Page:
There is no requirement that your employees sign the Right to Disconnect Policy. You are required to provide a copy of the policy to each of your employees within 30 days of preparing the policy.
When does this policy need to be in place?
For 2022, your Right to Disconnect Policy must be in place by June 2, 2022. For all subsequent years, the Right to Disconnect Policy must be in place by March 1st
If you update your policy, you must provide an updated copy to each of your employees within 30 days of the changes being made. If you update the policy, you must include both the date the policy was created and the date it was amended in the policy.
If a new employee is hired, you must provide that employee a copy of the written policy within 30 days of the day the employee becomes an employee.
Prohibition on Non-Competition Clauses in Employment Contracts
The New Part XV.1 of the ESA will prohibit employers from entering into employment contracts or agreements with an employee that are, or that include, a non-compete agreement, with certain exceptions. Pursuant to section 67.2(1) of the Act, “no employer shall enter into an employment contract or other agreement with an employee that is, or that includes, a non-compete agreement.” If an employment agreement contains a non-compete agreement, the non-compete is void, pursuant to subsection 67.2(2). The Act defines a non-compete agreement at subsection 67.1 as “an agreement, or any part of an agreement, between an employer and an employee that prohibits the employee from engaging in any business, work, occupation, profession, project or other activity that is in competition with the employer’s business after the employment relationship between the employee and the employer ends.”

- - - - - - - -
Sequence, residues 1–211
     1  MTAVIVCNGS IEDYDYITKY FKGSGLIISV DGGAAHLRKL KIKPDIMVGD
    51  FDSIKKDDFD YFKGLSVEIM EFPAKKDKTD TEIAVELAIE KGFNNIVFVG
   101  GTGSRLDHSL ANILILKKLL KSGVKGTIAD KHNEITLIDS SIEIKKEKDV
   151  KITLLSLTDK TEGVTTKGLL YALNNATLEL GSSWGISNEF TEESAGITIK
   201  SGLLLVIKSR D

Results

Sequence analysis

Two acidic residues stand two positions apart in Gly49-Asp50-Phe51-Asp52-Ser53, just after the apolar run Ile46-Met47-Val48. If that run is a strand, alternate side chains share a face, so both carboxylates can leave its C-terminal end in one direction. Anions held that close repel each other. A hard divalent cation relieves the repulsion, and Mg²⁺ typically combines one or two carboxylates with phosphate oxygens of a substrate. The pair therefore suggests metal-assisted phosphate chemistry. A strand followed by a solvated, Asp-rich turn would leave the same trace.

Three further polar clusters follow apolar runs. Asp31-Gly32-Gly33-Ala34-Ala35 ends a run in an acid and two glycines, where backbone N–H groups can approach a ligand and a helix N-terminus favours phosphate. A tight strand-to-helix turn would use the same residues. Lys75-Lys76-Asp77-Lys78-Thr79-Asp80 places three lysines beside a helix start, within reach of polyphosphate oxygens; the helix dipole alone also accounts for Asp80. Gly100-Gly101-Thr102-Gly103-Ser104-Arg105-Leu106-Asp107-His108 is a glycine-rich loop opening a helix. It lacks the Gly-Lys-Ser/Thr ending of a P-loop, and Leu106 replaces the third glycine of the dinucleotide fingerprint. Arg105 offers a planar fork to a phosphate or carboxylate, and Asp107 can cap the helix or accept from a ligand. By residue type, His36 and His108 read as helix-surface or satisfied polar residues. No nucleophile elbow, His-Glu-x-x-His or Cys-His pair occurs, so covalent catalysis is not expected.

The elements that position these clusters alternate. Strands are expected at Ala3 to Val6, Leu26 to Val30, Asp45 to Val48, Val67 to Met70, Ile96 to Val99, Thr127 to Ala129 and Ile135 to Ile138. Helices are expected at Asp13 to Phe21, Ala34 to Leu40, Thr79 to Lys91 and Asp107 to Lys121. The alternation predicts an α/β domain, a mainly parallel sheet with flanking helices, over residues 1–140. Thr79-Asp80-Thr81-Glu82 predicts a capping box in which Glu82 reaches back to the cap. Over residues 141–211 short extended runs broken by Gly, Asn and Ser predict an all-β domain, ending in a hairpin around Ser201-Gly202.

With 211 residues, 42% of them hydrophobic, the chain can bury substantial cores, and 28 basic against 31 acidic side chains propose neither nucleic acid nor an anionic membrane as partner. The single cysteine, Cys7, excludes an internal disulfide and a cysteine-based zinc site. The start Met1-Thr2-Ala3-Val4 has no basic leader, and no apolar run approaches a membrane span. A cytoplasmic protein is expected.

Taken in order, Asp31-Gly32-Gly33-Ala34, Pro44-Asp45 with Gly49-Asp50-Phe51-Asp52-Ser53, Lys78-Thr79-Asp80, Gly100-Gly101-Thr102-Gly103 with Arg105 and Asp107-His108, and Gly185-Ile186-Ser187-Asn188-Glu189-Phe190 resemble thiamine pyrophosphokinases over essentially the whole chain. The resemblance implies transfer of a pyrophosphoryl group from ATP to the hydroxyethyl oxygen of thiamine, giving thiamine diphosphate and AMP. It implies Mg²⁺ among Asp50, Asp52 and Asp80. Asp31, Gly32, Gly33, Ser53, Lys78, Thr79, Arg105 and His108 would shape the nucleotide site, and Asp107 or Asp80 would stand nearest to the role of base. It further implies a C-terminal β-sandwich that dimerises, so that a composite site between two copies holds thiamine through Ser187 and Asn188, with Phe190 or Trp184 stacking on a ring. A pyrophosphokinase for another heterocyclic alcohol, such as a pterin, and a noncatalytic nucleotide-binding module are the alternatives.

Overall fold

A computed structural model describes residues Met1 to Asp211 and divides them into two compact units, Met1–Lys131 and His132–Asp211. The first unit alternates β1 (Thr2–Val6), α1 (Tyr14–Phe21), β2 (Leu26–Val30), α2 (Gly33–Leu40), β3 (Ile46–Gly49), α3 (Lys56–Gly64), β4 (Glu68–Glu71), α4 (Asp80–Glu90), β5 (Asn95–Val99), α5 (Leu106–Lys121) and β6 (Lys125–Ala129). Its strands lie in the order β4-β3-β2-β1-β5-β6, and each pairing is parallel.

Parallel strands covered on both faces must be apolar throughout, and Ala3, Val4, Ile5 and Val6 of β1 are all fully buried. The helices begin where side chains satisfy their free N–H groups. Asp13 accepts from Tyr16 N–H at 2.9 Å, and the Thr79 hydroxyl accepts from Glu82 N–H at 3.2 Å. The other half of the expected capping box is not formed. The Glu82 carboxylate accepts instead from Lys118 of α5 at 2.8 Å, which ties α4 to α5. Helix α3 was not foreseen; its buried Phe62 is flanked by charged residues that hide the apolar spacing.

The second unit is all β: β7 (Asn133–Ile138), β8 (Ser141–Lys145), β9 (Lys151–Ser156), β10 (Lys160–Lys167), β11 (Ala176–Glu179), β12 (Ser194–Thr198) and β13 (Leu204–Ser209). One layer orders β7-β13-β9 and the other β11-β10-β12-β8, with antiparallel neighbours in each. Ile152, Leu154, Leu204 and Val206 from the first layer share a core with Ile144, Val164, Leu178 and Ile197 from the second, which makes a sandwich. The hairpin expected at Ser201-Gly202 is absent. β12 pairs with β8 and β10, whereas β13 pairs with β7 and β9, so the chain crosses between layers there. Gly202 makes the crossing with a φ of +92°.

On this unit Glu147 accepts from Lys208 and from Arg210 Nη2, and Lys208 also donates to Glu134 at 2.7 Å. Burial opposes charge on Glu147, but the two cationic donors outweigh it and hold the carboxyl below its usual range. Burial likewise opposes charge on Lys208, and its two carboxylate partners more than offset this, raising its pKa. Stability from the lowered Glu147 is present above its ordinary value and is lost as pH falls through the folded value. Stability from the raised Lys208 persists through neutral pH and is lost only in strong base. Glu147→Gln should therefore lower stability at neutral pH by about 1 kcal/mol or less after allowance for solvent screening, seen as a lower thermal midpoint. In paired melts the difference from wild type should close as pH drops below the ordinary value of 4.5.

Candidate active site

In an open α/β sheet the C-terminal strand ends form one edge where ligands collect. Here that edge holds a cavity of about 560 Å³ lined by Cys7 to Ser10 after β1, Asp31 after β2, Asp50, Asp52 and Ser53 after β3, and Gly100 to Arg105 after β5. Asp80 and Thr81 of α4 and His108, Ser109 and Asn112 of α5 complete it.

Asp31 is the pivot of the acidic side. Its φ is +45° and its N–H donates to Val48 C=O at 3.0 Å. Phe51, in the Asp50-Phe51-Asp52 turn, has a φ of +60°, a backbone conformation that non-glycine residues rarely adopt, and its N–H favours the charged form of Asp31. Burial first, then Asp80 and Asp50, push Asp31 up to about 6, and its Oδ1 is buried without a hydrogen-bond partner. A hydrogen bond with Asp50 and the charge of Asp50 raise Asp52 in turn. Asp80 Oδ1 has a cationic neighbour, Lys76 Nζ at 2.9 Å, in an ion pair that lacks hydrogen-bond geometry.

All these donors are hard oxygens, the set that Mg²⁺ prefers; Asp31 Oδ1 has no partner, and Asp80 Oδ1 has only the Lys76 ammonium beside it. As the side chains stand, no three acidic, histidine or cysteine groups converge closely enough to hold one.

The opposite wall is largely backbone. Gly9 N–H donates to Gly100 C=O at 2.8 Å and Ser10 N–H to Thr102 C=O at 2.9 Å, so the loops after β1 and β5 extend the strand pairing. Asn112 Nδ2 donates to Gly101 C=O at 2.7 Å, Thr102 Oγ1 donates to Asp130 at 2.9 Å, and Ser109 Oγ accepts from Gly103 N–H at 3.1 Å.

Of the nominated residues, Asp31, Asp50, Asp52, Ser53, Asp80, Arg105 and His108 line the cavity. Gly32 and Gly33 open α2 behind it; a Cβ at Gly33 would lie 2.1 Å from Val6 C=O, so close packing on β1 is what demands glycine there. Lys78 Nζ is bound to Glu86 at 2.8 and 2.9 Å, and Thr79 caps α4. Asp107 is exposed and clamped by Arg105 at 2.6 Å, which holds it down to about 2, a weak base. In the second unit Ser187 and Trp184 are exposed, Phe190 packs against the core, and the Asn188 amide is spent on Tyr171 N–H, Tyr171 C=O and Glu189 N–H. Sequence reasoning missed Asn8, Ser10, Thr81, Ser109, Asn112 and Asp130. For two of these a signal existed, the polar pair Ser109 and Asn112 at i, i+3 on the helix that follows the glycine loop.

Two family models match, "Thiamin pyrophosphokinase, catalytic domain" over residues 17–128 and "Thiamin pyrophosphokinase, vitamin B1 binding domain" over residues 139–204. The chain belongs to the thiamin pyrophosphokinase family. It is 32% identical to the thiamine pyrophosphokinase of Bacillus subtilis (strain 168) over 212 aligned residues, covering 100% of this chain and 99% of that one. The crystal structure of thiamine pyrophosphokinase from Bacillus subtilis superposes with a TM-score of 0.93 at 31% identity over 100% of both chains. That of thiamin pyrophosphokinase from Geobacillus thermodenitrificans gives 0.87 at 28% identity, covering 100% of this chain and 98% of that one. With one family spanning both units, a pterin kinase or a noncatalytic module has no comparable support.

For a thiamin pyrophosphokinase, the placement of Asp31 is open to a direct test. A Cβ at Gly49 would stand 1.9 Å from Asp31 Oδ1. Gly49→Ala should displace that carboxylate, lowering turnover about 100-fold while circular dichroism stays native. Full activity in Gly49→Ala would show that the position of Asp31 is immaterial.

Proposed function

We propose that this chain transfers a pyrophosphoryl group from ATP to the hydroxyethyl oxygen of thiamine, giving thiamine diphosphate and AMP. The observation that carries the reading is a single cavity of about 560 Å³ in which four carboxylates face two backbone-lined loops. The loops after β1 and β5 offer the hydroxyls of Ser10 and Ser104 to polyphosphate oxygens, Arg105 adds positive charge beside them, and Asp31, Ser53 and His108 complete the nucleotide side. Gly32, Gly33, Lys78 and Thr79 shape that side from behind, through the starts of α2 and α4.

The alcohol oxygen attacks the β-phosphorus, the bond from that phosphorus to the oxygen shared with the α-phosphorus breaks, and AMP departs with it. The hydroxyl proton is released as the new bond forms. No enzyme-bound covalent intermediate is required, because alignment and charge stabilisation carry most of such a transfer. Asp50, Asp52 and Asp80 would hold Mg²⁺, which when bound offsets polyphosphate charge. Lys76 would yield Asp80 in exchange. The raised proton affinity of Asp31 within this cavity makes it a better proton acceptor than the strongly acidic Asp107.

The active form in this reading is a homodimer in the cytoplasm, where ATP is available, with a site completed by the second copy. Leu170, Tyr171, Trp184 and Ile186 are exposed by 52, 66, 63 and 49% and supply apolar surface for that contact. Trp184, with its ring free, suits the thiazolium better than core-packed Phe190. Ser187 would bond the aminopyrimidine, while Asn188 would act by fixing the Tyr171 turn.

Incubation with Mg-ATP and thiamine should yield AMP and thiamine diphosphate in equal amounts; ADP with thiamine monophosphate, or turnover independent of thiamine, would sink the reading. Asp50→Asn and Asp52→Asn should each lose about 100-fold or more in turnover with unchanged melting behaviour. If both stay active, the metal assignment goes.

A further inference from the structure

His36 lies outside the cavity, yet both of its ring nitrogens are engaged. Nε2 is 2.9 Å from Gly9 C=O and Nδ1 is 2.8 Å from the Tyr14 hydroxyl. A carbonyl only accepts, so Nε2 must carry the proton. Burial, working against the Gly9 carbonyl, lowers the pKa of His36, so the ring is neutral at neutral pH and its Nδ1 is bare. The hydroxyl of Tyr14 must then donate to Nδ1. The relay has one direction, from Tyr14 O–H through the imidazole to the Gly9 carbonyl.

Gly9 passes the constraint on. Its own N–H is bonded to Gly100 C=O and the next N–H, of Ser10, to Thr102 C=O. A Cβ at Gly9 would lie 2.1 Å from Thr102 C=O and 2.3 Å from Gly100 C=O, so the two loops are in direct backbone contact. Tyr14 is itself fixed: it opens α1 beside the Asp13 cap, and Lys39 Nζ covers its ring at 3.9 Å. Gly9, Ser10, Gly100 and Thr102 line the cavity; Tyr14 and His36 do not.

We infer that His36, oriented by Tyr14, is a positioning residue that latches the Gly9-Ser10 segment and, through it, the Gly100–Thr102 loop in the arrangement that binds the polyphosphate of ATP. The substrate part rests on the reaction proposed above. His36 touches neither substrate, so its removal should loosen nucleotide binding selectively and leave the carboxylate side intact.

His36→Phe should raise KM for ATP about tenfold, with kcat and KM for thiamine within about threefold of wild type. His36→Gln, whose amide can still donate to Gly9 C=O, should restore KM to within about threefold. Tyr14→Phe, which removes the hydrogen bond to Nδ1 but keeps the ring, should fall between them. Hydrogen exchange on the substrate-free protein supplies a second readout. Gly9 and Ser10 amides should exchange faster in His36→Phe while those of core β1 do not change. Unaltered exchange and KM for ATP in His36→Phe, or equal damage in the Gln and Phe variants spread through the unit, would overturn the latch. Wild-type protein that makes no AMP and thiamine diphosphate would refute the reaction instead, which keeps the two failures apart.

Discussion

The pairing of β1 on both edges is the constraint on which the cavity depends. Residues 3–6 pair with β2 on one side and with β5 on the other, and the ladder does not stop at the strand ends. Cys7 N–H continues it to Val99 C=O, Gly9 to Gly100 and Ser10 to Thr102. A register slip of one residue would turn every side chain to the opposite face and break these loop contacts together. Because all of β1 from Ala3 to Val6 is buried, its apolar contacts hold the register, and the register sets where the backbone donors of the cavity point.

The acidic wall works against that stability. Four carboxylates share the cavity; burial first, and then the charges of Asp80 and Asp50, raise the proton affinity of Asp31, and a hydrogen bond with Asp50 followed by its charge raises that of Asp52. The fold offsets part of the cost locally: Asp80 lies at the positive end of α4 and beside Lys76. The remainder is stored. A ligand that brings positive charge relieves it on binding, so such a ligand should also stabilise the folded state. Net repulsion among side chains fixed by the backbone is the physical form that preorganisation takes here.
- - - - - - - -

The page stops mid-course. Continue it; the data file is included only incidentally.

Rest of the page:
Frequently Asked Questions
Can Employment Agreements restrict an employees ability to compete during their employment?
Yes. The amendment does not prohibit the employer from including a valid non-competition clause in the Employment Agreement relating to competition during the employee’s course of employment.
Are there any exemptions to this prohibition against non-competition clauses?
There are two exceptions from the prohibition on non-competition clauses in employment contracts:
- Pursuant to subsection 67.2(3) of the ESA, if there is a sale of a business, or part of the business, and as part of the sale, the parties enter into an agreement prohibiting the seller from “engaging in any business, work, occupation, profession, project or other activity that is in competition with the purchaser’s business after the sale and, immediately following the sale, the seller becomes an employee of the purchaser,” the prohibition against non-compete agreements does not apply.
- The second exemption is if the employment agreement is between an employer and an employee who is an “executive,” as defined by the ESA. The ESA defines an “executive” at subsection 67.2(5) as follows:
“any person who holds the office of chief executive officer, president, chief administrative officer, chief operating officer, chief financial officer, chief information officer, chief legal officer, chief human resources officer or chief corporate development officer, or holds any other chief executive position.”
If the employee falls within this definition of an “executive” a valid non-competition clause will not be void as a result of this amendment to the legislation.
- Josh Valler and Shannon Dawson